The path from the untamed FOREST through the sacred GROVE leads finally to the garden: an artificially established and maintained piece of nature, with a tradition of positive associations. The Garden of Eden (see PARADISE) was created by God as a safe enclosure for the first humans. In the symbology of ALCHEMY such a garden represents a domain that can be entered only with great effort and difficulty and only through the narrowest of GATES. Medieval cloisters enclosed idyllic gardens representing the paradise that had been lost. In earlier times the image of the "garden of the Hespirides" represents a distant paradise (see AFTERLIFE) where golden apples grew (see ISLANDS OF THE BLESSED). In Christian iconography the enclosed garden represents virginity in general and that of Mary in particular ("The VIRGIN Mary in the Rose Garden"). Renaissance and especially baroque landscape gardening was widely understood as the ultimate expression of the cultivation of life itself; the "French garden" is its apotheosis. The "English garden," on the contrary, suggests a return to nature as yet untamed by human hand, and is more congenial to the Romantic temperament.

The Japanese tradition of gardening strives for a harmony of all its elements (as in the tradition of flower arrangement, ikebana). This has its origins in traditional Chinese garden symbolism, in which natural objects like STONES, TREES, MOUNTAINS, ponds, and islands were considered manifestations of deities. The great imperial garden in Chang'an (A.D. ca. 50, Han dynasty) symbolized China and supposedly contained at least one of every plant and creature that was to be found there; its principal features were a central body of water ringed by ROCKS, symbolizing the SEA and the mountains around it, and FIVE hills for the five "points of the compass" of Taoist cosmology. Chinese gardeners always maintained a harmonic ratio between empty and filled space, reflecting the principles of YIN AND YANG; this was an attempt to introduce cosmic balance into the human world. From the fourth century after Christ onward, PINES, bamboo groves, and streams (see RIVERS) lent the Chinese garden a natural, idyllic air. Soon the tiered pagoda found its way into the garden, as did a massive boulder to represent the world-mountain Meru. Flat or broad stones were "female"; conical stones, "male." The Chinese tradition of garden symbolism, which lives on to this day, encourages not only garden strolls but also reflection upon the harmony between the realms of movement and stasis. The peach-blossom festival every spring was celebrated by setting a bowl of RICE wine to float in a stream and composing a poem before the vessel ran aground. The gardens of China and Japan should always be understood as prefect reproductions of cosmic harmony, designed to have a beneficial influence on humanity.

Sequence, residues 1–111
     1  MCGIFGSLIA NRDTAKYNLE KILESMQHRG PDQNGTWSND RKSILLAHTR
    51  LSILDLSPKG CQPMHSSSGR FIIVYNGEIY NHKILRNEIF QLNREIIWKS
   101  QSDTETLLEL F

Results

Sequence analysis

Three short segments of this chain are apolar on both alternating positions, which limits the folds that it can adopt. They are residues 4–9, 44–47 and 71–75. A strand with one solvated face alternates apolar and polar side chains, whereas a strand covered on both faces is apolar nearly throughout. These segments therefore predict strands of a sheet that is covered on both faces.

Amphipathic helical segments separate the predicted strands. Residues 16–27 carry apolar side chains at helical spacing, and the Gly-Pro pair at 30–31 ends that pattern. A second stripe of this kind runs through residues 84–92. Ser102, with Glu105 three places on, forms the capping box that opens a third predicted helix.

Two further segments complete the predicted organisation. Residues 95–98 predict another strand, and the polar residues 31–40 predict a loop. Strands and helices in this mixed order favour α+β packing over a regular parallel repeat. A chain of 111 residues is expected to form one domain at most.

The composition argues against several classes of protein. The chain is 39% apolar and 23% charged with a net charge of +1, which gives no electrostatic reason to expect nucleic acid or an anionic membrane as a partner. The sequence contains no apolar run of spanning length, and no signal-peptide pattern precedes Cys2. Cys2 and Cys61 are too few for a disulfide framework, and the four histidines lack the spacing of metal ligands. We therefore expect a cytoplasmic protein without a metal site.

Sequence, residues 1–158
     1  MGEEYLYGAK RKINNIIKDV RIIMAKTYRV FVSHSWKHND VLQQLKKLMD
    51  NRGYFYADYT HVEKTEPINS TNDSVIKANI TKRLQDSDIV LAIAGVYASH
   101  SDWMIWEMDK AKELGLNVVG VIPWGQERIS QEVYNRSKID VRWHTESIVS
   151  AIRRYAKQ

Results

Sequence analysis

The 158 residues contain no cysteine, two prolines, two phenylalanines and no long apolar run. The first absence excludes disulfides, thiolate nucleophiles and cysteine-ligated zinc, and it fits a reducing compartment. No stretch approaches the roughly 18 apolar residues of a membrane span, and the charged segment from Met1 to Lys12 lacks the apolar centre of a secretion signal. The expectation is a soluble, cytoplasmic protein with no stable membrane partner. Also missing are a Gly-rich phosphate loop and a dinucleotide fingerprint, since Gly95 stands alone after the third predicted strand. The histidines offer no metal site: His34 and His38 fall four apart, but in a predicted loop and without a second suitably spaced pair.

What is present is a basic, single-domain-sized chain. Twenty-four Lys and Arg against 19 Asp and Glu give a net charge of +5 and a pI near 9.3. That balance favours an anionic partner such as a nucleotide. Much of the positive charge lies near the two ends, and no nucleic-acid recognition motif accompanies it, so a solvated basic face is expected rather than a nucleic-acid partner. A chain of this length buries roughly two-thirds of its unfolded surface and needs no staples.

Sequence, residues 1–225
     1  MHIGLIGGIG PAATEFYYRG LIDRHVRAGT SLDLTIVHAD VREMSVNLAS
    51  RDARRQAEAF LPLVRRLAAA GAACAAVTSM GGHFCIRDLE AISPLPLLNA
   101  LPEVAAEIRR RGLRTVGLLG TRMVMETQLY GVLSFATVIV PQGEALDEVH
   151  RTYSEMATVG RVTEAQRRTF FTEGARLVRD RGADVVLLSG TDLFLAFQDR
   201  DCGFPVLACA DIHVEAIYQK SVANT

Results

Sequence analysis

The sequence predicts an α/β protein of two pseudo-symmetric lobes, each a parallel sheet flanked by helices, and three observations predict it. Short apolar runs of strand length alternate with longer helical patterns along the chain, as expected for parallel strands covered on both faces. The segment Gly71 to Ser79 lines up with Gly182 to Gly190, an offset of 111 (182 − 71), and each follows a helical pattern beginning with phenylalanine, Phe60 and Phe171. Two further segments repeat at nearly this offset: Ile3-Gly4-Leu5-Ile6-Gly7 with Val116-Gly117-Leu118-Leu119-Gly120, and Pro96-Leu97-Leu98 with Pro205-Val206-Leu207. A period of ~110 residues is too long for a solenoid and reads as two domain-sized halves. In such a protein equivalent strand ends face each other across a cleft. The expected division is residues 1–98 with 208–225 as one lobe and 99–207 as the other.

The garden is a positive symbol in dreams as well. "It is a place of growth, a place where the inner life is cultivated," writes Aeppli. "In the garden the movement from season to season is particularly ordered and stressed, and we have the most beautiful vision of all of life's color and fullness. The surrounding wall keeps together the powers that flourish within," and the gate can often be found only by making one's way around the entire wall."This is the symbolic expression of a long psychological development which finally culminates with the attainment of inner riches." This set of symbols is particularly impressive when the garden of the psyche contains --like Paradise itself-- a WELL, fountain, or SPRING, and the Tree of Life: an image of our essential nucleus, the "self," the "innermost center of the psyche."
Posted: January 17, 2004.

Women Who Run With the Wolves, p. 100-101
Let it represent the wild psyche. The garden is a concrete connection to life and death. You could even say there is a religion of garden, for it teaches profound psychological and spiritual lessons. Whatever can happen to the garden can happen to soul and psyche--too much water, too little water, bugs, heat, storm, flood, invasion, miracles, dying back, coming back, boon, healing. ...In the garden we practice letting thoughts, ideas, preferences, desires, even loves, both live and die. We plant, we pull, we bury. We dry seed, sow it, support it.

The garden is a meditation practice, that of saying when it is time for something to die. In the garden one can see the time coming for both fruition and for dying back. In the garden one is moving with rather than against the inhalations and the exhalations of the greater wild Nature.
Posted: January 17, 2004.

Want to know more? Go out and pick up a copy of the book(s) quoted and expand your mind :) These are MY teachers, the people who teach me about symbolism :) I hope the supplied definitions help you understand the art found on this site.